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Spatial and temporal variations of the surface energy balance and ablation on the Belcher Glacier, Devon Island, Nunavut, Canada. Open Access


Other title
Surface energy balance
Type of item
Degree grantor
University of Alberta
Author or creator
Duncan, Angus
Supervisor and department
Martin Sharp, Earth and Atmospheric Sciences
Examining committee member and department
Sarah Boon, Department of Geography, University of Lethbridge
David Chanasyk, Department of Renewable Resources
Andy Bush, Earth and Atmospheric Sciences
Department of Earth and Atmospheric Sciences

Date accepted
Graduation date
Master of Science
Degree level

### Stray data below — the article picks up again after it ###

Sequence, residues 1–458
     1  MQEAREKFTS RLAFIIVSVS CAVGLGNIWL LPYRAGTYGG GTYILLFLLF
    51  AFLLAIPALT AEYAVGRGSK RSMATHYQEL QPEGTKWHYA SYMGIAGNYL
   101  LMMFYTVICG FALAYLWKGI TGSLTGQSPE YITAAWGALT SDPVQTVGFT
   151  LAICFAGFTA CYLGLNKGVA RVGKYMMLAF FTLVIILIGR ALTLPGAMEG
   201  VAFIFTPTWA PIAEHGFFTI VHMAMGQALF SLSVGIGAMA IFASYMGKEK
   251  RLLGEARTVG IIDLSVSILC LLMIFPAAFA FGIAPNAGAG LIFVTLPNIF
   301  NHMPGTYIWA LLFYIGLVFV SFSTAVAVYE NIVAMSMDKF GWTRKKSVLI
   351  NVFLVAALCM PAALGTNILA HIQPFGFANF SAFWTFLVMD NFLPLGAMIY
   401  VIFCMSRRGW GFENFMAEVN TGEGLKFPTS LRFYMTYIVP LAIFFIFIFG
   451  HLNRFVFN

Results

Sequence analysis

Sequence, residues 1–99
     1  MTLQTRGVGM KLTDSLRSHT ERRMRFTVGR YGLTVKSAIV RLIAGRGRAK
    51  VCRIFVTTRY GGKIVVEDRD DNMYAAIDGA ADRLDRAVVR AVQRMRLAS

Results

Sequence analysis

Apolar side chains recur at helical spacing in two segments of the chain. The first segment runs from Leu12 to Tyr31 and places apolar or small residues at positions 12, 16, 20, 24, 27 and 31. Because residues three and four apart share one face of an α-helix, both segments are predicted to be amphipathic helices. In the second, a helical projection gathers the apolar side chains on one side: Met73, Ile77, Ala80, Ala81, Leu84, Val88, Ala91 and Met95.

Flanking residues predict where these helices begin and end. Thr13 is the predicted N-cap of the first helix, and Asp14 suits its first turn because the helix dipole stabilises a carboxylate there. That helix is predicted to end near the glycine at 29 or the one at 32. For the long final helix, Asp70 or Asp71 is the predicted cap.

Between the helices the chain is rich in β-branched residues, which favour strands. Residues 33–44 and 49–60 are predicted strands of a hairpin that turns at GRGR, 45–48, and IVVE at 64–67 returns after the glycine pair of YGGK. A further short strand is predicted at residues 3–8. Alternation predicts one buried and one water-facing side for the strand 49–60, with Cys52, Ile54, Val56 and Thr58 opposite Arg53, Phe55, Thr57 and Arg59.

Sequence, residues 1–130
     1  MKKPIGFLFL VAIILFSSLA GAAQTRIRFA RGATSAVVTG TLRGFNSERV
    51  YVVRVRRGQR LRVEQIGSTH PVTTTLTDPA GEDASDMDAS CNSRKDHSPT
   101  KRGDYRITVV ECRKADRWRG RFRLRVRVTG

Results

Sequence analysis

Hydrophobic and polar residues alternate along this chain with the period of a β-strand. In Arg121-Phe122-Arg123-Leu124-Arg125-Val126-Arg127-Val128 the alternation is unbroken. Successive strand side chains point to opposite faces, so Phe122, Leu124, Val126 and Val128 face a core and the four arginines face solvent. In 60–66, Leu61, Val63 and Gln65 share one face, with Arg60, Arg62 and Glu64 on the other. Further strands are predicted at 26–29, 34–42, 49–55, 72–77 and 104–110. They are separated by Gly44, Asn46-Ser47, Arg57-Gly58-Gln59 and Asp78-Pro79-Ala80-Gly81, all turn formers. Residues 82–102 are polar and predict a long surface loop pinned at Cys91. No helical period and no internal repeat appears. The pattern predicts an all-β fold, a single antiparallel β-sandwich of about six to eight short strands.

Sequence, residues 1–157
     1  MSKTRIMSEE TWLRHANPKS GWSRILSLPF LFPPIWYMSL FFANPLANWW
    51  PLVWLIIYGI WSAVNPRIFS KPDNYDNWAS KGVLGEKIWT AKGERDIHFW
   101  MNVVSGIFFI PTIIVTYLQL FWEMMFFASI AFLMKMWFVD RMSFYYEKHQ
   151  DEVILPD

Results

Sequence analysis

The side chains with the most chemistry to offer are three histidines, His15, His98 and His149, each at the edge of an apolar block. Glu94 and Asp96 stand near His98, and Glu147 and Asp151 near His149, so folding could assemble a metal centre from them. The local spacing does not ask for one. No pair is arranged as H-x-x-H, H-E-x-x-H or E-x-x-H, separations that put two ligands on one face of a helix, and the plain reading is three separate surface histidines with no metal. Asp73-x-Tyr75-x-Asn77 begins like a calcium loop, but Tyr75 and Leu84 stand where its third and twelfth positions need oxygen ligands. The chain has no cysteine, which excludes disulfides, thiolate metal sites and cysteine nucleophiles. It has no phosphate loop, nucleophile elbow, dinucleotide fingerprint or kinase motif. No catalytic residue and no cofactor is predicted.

In the summer of 2008 (June 2nd – September 19th) detailed measurements of meteorological conditions and glacier surface properties were conducted in the Belcher Glacier catchment (718 km2), Devon Island Ice Cap, Nunavut, Canada. These measurements were used to force and validate a distributed surface energy balance and sub-surface snow model capable of calculating surface ablation rates and meltwater runoff. This study represents a contribution to the International Polar Year (IPY) Glaciodyn project, whose overall aim is to examine the role of hydrology and ice dynamics in the response of marine-terminating glaciers in the Arctic to climate change. Spatially-averaged total water equivalent (w.e.) ablation was 677 mm w.e., and total predicted runoff during the 2008 summer was 3.9 x 108 m3. Net radiation (87%) was the main source of energy over the study period, followed by the sensible heat flux (13%). Net longwave radiation and the latent heat flux represented an overall energy loss from the surface. Modelled melt season duration lasted from June 17th – August 15th, and the majority of ablation occurred in two main periods, from June 26th – July 18th, and from July 27th to August 14th. Snowfall and lower air temperatures limited ablation between these dates and after August 15th. Ice exposure at elevations below 1000 m occurred by July 1st. Periods of high ablation rates were associated with positive air temperatures and high net shortwave radiation receipts, and with near surface air temperature gradients that were shallow or inverted (i.e. higher air temperatures at higher elevations). Periods of minimum ablation rates occurred when net shortwave radiation receipts were reduced (e.g. following summer snowfall) and when air temperatures were negative. The largest changes in both the net surface energy balance and ablation rates were linked to changes in surface albedo associated with (i) snowpack removal and ice exposure, and (ii) summer snowfall events. Modelled time series of runoff from individual sub-catchments within the Belcher catchment will be used to force a coupled hydrology and ice flow dynamics model of the Belcher Glacier that will be used to investigate the dynamic response of tidewater-terminating glaciers to surface hydrological forcing.
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